After that weekend, we spoke some more. In April of 2011, I called a few times to try and make plans to visit again but I never heard back. A few months later, I heard from my aunt (his sister) that my father had fallen ill with esophageal cancer and was in the middle of treatment now and just had surgery. I was shocked but not surprised since he had smoked his entire life. He was expected to recover but he was not in touch with anyone during the time he was sick (this was just the way he was). I called and left a few messages and mailed him pictures of Julianna to cheer him up but never really heard back. (They did not own a computer - much harder to keep in touch that way!)
A few months later, I just knew something was wrong. I had a bad feeling.
Then this past December (2012), I received a letter from my father talking about what he had been going through with his disease over the past 2 years. He said he found out he had cancer shortly after we visited that weekend in July 2010. In his letter, he said he wasn't dying but I just knew in my gut he was. It wasn't a pretty picture. He was very sick and had been through hell. In his letter, he also wrote something that was as close to an apology as I would get from him for not being around for so many years. I know he was hurting and it was not the time (nor is it now) to point any fingers. Besides, what could I really do about it? It's water under the bridge.
After that, I kept putting off calling him. I don't know why, but I guess it was because I knew the inevitable was coming. Maybe I was somewhat like him in the sense that if I ignored it, it would go away. Maybe he wouldn't be sick later on .... just maybe.
Last Monday, I was actually talking to a friend of mine about my father, and about the letter he sent me saying how sick he was. Then, I thought about him all day long for some unknown reason. I don't know what made me think about him so much, but I did. It was like I knew what was coming.
That evening, I got an email from my aunt to call her ASAP about my father. I knew as soon as I saw the title to the email "Your Dad" - that he was dying. I found out he was in hospice and did not have long to live. He was gone by the next day, Tuesday. (Later, I thought back and wondered if he was trying to reach out to me that day. I have heard stories of people deathly sick in hospice who have out of body experiences... ya never know!)
I know some of you are reading this thinking "How could I be at peace and have no bad feelings after all those years of not talking?".
Life is too short to hold resentment and grudges. I only have one father and I feel my time is better spent thinking of the good times. There is no room for hate here. I miss him terribly. Of course I wish things could have been different, but they weren't. I am so sad for everything he went through and all the suffering he had to endure. It makes my heart ache when I think of how much pain he must have been in for so long. I wish I would have known sooner.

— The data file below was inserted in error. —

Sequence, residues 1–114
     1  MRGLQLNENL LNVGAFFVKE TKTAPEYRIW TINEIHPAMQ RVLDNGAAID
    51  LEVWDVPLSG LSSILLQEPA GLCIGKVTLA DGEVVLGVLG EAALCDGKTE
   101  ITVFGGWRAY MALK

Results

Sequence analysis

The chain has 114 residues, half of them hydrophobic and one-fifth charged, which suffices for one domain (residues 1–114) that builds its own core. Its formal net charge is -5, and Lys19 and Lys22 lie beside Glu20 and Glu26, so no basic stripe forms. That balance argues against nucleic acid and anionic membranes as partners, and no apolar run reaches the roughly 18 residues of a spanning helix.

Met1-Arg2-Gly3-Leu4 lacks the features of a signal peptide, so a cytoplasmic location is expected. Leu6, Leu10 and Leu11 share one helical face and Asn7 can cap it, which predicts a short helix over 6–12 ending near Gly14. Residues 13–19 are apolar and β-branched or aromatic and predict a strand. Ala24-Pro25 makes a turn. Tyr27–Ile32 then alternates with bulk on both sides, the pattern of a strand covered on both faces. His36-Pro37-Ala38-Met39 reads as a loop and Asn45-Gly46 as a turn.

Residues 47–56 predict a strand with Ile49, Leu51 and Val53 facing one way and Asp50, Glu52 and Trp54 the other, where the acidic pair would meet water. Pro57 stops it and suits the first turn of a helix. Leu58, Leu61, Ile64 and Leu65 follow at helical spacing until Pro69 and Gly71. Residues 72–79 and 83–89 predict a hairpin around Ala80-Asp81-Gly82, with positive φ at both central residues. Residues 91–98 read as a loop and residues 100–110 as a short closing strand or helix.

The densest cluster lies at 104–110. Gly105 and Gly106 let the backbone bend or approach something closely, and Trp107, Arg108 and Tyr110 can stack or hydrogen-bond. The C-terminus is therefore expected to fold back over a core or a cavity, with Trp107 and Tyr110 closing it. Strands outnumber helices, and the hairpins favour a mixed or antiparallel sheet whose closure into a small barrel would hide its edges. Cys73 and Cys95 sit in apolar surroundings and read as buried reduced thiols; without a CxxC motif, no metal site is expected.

I spoke to his wife the day after he passed away, and she filled me in on details from his last weeks/months. She is a good wife and took very good care of him. She made his sick time less painful. In healthy times, she filled his life with happiness. You can't ask for anything better than that for your parent. He passed away after she told him it's OK to go. It's OK to not suffer any longer. And then he did. No more pain & suffering. At peace finally. I hope he knows I wanted to be there.
His family (sisters) never made it up there in time either. It happened too fast.
Since then, I take a lot of deep breathes, and I thank God for my life and think about all the good times with my dad from when I was a kid. I have been thinking about our weekend visit in 2010. All of it holds good memories for me. Good enough for a lifetime.
I miss my dad.
Here is what I think of when I close my eyes.
I think about all of the NY Yankees games we went to when I was a kid; getting there the minute the gates opened; rushing in and going down behind the batting cages to watch batting practice, in the days when they still let everyone down there. (For those of you that do not know, I am a huge Yankee fan). He always managed to get us seats right behind the dugouts or right behind home plate. When I went to Yankee stadium for the first time on my own without him, I was 29 or 30. I had tears in my eyes b/c it reminded me of those good times, like seeing a ghost. Baseball was such a HUGE part of my childhood with him. Baseball is the 'trigger' memory that makes me smile and think of him being young and the big strong man like I recall him being. That is how I want to remember him. Now, he will get to watch each & every baseball game from the best seat in the house. And when the game is not on, he will be tending to his beautiful garden. I pray he will also be watching out for my beautiful baby girl and my baby boy who will be here in May.
I'll see you again one day Dad.
For everyone else...
Hug your kids. Love your family. Live your life how you need to. Life is precious. Go out on a limb sometimes. There is no room for hatred & resentment ever. Don't smoke for your own health or your family's sake.
This was my father holding me - 1971.
This was from July, 2010 - Me, my dad and Julianna.
Dad holding Julianna.